Rev. Don Mink on Family Ties, Testament, and Turtles
By Denice Phillips
ALLIANCE — Reverend Don Mink came to Alliance [Nebraska], he said, “On the last day of 1970,” and has become a familiar and welcoming presence here over the last 42 years.
Born in Missouri, Mink attended school in Texas and, along with his wife Patricia and their family, has spent most of his life devoted to the Indian Mission Church of God, working to make a difference in the lives of others in the community through his ministry and practice of Christian faith and teachings.
With soft-spoken and gentle nature, Mink states simply, “I am a minister. My primary job is to share the love of Jesus, the message of Jesus,” and he enjoys many meaningful friendships with the people he ministers to.
“We’ve made a thoughtful commitment to the very poor in the community.”
Mink retired about five years ago, though he assists his daughter Linda Abold as co-pastor, and continues to remain very active in the daily tasks of the church.
“I’m still happy to be here and doing what I’m doing.”
He and Patricia have been married for 58 years, bringing up two daughters, an adopted daughter and adopted son who is of Native American heritage.
“The Lord has been good to us — we had love to share, resources to share,” he said of their choice to adopt children, expressing his feeling that in nurturing a blended family of their own, it has created a common bond with the members of the church, many of whom, he explained, also have interracial relationships.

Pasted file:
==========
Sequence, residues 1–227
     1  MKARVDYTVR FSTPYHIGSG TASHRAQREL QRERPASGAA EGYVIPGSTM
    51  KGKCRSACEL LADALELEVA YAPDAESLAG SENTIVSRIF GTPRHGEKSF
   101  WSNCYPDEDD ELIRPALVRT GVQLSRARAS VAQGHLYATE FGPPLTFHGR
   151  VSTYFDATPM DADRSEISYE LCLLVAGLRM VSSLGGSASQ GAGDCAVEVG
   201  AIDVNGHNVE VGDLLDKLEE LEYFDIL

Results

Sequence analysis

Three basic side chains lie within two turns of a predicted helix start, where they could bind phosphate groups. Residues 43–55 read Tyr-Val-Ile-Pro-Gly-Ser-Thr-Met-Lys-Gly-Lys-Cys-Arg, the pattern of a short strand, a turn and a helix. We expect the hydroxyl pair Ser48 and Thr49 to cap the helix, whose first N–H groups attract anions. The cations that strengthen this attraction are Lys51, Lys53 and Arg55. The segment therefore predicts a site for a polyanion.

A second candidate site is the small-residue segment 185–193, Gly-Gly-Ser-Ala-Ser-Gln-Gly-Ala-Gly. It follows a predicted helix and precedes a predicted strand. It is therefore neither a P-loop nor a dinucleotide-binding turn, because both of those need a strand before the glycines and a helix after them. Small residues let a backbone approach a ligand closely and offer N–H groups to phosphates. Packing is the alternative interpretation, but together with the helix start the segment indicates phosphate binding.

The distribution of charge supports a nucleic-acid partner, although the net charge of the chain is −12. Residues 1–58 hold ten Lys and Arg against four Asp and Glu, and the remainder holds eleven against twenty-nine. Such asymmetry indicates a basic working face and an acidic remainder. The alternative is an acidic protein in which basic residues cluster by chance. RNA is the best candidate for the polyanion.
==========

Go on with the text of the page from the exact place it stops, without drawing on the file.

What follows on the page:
“We’ve had a good life — we really are part of the family.”
Mink is recognized for his tireless efforts to offer rides to families in need of transportation as necessary for business meetings, errands, doctor appointments, or funerals, for example.
“I usually leave the house about 5:45 each morning, giving rides to workers and school children,” he said, describing his daily routine.
“We take about 30 kids to school every day.”
“We found out that if the children have a ride they are more likely to go to school than if they don’t have a ride.”
“It’s really important they stay in school,” he said.
“I try to rest for an hour in the afternoon, then I go until about nine o’clock,” — even making trips to the emergency room in the middle of the night if need be. At the age of 77, he has hardly slowed down since his retirement.
“The needs are so great,” said Mink, explaining that this past year has been especially difficult for many families in his care.
“They just can’t make ends meet to afford a car.”
“Over the years we’ve seen that bodies go back to the reservation [for burials], and we try to make a trip there twice a month — a lot of our families have relatives there.”
“Back in the ‘80’s we were on the reservation for three-and-a half years,” which helped Mink and his family begin and maintain the special connection with the people living at Pine Ridge.
“The children,” he said, “call me grandpa, and call my wife grandma.”
Offerings from parishioners, friends, and local churches assist with fuel expenses. “Recycling aluminum cans is one of our sources of revenue.”
“We are a ministry of faith,” said Mink, noting that whatever is needed, is provided in due course.
“I really do enjoy my work. That’s a pretty good thing when you can like what you do.”
Mink offers an analogy about being recognized for his contribution to the community:
“When you see a turtle on top of a fence post, you know he didn’t get there by himself — someone had to help him get up there.”
“I’ve had a lot of help along the way.”
Article used by permission of the Alliance Times-Herald. Originally published on February 11, 2013.